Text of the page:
BACKGROUND: Diabetes distress, self-efficacy and health literacy are associated with diabetes self-management and health outcomes. Measures of coping styles and their impact on diabetes self-management and diabetes-related distress may add value in identifying those at risk of poorer health outcomes. Current evidence of associations between psychological flexibility/inflexibility and diabetes related health outcomes is limited.
AIMS: To measure associations of psychological flexibility, self-efficacy and health literacy with diabetes distress and HbA1c, in adults with type 1 diabetes.
METHODS: We surveyed 105 adults with type 1 diabetes attending a tertiary diabetes outpatient clinic (mean age 27±7.1 years, 53% men, duration of diabetes 12.6±8.5 years, HbA1c 72±22 mmol/mol, 8.7± 2.0 %, 34% using insulin pumps). We assessed psychological flexibility, self-efficacy, health literacy and diabetes distress. Regression models explored the relative contributions of different factors to diabetes distress and HbA1c.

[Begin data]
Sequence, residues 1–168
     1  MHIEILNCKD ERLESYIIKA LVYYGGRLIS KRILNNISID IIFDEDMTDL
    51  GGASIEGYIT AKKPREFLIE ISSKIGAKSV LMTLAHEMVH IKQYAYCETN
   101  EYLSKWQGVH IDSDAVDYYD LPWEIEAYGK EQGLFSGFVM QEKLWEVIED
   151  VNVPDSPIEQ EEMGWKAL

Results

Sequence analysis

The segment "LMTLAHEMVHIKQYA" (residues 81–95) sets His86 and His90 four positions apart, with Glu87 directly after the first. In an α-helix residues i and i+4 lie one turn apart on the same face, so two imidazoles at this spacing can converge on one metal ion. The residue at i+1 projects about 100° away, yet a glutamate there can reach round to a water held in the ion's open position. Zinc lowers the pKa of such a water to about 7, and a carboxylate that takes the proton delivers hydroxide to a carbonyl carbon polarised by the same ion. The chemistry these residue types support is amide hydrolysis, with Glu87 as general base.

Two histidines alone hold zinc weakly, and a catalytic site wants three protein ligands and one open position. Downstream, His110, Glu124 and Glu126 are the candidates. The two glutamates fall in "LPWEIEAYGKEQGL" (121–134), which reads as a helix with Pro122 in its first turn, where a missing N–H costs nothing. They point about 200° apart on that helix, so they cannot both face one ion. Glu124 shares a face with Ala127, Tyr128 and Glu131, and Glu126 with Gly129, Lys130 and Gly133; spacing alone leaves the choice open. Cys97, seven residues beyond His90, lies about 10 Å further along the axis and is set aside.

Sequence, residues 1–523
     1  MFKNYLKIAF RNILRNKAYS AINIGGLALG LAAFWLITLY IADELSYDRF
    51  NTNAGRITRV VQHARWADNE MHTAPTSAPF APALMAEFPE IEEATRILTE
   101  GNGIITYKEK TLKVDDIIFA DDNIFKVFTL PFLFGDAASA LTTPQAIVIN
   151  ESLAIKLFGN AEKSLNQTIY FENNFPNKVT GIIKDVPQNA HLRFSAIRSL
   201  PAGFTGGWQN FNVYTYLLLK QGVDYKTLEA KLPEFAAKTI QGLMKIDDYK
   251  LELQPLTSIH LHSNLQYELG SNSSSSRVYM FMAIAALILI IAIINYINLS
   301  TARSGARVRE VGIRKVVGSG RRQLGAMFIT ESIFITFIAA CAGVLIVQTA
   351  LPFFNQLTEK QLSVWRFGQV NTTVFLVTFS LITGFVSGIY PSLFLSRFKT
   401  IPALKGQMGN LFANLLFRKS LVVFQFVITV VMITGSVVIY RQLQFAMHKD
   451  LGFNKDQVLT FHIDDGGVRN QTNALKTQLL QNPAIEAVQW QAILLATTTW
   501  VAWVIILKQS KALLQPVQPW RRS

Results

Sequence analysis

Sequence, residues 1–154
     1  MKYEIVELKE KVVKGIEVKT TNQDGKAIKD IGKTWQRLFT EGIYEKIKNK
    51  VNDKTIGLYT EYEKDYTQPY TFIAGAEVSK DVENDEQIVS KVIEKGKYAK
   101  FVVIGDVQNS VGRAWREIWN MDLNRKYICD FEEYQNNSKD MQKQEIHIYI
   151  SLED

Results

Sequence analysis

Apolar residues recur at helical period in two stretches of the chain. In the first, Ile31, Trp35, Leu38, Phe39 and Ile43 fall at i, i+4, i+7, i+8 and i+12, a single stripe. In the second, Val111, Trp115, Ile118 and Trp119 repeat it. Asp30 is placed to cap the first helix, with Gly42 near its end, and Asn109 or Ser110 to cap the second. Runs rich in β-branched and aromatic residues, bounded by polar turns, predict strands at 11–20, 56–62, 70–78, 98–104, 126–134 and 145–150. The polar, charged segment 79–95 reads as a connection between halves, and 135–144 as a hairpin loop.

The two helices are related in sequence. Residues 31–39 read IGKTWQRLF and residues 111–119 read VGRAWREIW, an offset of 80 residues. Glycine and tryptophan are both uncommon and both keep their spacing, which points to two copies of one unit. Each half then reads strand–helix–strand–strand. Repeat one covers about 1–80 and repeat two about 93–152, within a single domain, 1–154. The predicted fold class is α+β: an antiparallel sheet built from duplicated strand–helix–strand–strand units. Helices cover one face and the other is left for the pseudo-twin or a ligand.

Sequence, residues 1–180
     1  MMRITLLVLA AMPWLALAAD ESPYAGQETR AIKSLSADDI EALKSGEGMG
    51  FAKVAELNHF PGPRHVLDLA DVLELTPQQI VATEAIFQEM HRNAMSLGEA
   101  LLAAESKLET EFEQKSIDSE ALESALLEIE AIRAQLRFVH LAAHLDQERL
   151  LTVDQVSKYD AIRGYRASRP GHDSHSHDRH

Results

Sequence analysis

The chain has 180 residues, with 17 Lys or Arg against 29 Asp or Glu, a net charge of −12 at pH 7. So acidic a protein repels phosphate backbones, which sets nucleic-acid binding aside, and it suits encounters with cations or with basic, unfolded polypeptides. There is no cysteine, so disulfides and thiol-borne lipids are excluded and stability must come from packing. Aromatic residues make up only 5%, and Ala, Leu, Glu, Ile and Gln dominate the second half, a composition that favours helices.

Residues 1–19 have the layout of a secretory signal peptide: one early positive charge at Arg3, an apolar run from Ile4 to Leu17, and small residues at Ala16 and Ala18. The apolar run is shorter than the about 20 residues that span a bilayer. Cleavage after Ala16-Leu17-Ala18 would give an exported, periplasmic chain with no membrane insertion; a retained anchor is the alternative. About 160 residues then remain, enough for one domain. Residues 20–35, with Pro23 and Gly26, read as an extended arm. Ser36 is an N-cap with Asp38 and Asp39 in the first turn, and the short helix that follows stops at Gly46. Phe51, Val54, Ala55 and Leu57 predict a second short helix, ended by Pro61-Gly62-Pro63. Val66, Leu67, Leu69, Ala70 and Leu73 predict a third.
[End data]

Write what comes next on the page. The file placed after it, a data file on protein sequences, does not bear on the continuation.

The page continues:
RESULTS: The majority of health literacy scores were in the low risk range. Those with greater psychological flexibility had higher self-efficacy (r=0.34, p<0.01) and reported less diabetes distress (r=-0.54, p<0.001). In multiple regression analyses, psychological flexibility and self-efficacy accounted for 36% of the variance in distress score (p<0.001). Shorter duration of diabetes (p<0.001) and greater psychological flexibility (p<0.01) correlated with lower HbA1c . A 10-point (one standard deviation) higher psychological flexibility score corresponded to a 0.5% lower HbA1c.
CONCLUSIONS: Greater psychological flexibility was associated with less diabetes distress and lower HbA1c. The psychological flexibility construct may inform alternative interventional approaches aiming to improve wellbeing and glycaemic control. This article is protected by copyright. All rights reserved.